Just under one month ago, I moved to Toronto (or, well, the GTA) for a position with the Canadian Football League. This life change is best illustrated by the following screenshot from my phone’s mobile data useage:
Yes, I burned through almost one month worth of data in the space of one week – that’s what happens when you get a job on a Thursday evening, move Sunday afternoon, and start work on a Wednesday. Thankfully I had a place to live, but it was going to take the Lovely WiFi People (as they are known) two weeks to set it up, and in the meantime I had to figure out how to navigate public transit in a new city, get my hockey scores, and stay in touch with people.
The high plateau in the above picture (unpopulated with yak as most high plateaux are) occurred when I began work and turned off my phone’s data whenever I was outside of the hallowed halls of WiFi. It spikes again when I start to get antsy about just how much I’m missing.
I’d been applying to jobs all over Canada for a while before I swung my vine into this one, but wasn’t entirely prepared for things to happen as quickly as they did. I had an incredible network in Ottawa: friends, a cozy apartment in a fantastic neighbourhood with a wonderful roommate, a rec soccer league, volunteer positions with festivals, and a hard-won familiarity with local transit (OC Transpo and I have had a turbulent relationship). I was loath to leave it, but as fond as I had become of Ottawa, there are so many other places in the world to live, and this is the time of my life when I can pick up and move to any place I’d like. It was time.
I can build that web anew in Toronto, and it’s nice that I’m not starting from scratch: I’ve got a great little cabal of friends here already, a place to live, and a vague-yet-menacing knowledge base of public transit. But I can’t deny I had it good. Last weekend I returned to Ottawa to pick up what I believed was the last of my belongings and what was actually enough schmodck (my mother’s word, a synonym of bumpf and schnorfl – also words of my mother’s – that means what you think it means) to fuel a life-size game of Tetris featuring boxes and a car. A group of friends gathered on a chilly patio (Canadians are nothing if not determined patio-goers) for a farewell party, and I already began to miss having them all at the tips of my fingers.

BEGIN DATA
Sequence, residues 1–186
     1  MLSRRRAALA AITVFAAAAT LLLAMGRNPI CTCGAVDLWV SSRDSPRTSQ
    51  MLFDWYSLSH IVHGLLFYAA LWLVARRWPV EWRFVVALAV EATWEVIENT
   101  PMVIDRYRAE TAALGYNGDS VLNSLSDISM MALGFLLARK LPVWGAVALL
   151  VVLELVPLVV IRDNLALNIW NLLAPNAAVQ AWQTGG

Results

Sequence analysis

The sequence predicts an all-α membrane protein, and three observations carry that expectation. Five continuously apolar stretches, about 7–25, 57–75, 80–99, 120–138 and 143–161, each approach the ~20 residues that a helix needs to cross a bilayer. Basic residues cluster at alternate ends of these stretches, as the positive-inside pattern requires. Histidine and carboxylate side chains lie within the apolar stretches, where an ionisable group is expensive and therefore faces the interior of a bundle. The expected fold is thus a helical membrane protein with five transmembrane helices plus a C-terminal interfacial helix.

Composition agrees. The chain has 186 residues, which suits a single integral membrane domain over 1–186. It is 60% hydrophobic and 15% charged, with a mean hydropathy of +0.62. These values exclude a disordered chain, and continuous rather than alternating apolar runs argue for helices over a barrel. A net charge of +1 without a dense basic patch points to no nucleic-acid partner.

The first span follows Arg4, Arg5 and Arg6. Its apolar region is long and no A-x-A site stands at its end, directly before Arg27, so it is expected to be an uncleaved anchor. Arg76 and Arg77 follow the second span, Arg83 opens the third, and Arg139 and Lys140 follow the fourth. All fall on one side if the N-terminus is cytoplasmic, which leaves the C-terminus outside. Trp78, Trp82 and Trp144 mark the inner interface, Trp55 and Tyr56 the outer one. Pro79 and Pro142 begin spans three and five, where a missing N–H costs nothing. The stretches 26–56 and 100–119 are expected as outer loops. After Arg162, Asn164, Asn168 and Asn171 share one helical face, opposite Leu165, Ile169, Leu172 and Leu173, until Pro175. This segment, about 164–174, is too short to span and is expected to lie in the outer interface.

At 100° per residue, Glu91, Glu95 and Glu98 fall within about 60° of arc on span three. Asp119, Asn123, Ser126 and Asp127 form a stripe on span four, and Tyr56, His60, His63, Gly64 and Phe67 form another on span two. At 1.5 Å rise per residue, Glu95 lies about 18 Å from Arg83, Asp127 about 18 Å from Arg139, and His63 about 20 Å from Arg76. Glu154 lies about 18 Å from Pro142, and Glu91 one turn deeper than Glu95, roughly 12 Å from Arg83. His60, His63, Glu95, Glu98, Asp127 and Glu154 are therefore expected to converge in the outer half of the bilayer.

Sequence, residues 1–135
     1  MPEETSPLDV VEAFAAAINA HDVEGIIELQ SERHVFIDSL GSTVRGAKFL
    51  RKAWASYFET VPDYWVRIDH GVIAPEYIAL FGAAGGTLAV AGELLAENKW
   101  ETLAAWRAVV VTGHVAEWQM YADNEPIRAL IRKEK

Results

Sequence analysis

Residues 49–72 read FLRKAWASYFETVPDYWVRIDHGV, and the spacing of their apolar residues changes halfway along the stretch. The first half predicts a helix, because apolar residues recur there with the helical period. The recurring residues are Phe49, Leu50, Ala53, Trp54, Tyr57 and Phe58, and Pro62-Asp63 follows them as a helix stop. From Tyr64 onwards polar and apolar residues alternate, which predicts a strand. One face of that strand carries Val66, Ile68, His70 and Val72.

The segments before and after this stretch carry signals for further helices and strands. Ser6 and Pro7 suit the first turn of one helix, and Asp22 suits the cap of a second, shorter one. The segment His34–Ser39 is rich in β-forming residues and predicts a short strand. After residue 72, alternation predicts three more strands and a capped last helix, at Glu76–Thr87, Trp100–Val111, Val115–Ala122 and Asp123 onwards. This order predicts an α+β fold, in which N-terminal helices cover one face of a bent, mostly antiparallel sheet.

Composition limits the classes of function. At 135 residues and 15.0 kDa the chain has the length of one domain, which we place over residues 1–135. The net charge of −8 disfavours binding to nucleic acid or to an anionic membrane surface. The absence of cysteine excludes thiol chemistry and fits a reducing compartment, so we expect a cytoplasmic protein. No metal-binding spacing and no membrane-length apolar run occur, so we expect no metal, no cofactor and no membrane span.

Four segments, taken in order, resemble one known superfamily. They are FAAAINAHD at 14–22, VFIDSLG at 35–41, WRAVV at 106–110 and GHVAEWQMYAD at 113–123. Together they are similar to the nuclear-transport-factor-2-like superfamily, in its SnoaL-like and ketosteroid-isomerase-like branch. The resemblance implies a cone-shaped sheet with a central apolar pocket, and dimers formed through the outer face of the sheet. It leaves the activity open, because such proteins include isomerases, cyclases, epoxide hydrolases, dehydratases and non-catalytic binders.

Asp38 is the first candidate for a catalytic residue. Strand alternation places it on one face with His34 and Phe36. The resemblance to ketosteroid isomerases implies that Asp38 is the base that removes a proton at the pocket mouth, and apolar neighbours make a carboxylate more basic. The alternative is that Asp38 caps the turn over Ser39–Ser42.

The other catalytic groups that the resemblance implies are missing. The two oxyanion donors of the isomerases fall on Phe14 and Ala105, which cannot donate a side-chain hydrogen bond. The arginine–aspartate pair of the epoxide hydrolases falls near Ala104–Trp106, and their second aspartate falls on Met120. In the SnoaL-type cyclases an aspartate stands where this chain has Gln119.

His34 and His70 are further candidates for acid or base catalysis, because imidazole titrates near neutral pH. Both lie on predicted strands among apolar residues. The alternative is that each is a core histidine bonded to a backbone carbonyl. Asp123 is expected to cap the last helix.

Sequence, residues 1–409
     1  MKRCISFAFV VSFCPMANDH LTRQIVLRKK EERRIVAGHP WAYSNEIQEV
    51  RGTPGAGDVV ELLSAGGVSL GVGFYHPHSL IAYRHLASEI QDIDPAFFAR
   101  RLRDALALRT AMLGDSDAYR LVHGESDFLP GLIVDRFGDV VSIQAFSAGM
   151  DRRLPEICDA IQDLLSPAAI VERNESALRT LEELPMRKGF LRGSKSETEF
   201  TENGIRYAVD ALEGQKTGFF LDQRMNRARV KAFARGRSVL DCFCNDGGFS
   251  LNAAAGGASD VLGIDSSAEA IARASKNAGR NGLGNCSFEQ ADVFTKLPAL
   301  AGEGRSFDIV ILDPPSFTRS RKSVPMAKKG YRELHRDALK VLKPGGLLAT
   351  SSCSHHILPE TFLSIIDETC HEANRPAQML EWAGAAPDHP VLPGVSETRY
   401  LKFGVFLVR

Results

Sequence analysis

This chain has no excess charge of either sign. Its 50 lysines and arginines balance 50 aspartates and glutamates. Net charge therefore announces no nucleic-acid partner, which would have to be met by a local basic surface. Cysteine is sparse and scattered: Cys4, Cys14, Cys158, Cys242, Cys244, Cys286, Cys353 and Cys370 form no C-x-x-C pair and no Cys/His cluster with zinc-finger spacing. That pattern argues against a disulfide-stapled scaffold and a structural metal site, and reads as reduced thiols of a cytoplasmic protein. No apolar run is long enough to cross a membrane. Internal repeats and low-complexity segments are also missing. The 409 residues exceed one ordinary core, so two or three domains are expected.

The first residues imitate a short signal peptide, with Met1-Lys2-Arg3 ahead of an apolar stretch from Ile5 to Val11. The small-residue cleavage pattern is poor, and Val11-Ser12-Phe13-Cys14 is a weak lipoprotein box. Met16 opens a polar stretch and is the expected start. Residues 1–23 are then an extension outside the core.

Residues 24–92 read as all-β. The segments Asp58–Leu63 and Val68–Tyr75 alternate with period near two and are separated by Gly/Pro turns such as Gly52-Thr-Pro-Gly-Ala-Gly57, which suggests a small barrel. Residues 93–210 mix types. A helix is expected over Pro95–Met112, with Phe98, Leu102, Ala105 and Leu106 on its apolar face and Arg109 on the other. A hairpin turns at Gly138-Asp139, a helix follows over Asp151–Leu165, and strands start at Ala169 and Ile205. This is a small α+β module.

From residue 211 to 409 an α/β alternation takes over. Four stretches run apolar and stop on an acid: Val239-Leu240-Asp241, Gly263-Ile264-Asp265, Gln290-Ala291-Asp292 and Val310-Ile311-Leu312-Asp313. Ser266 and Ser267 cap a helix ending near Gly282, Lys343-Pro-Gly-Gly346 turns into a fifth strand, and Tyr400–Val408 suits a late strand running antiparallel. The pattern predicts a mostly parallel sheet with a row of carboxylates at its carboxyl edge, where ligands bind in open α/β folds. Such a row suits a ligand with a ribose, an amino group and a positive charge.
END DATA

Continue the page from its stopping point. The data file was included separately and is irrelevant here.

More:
They’re still there, of course – I just have to reach a little further now. And I’m absolutely thrilled with my job (more on that in a later post, I’m sure) and the city. Even though it’s very un-Torontonian of me, I’ve always loved Toronto. (Shhh, don’t tell anyone, it’ll give me away.) Call it a symptom of growing up in Muskoka, where Toronto was The City, was Civilization, was The Place Where Things Happened. I’m excited to be here, and I can’t wait to get started.
Or, to quote one of my favourite vines (and an oft-reenacted one between my sisters and I):
I’ll swap out Quincy for Leopold – oh hush, like you’ve never named a pet or an inanimate object – and a view of Highway 7.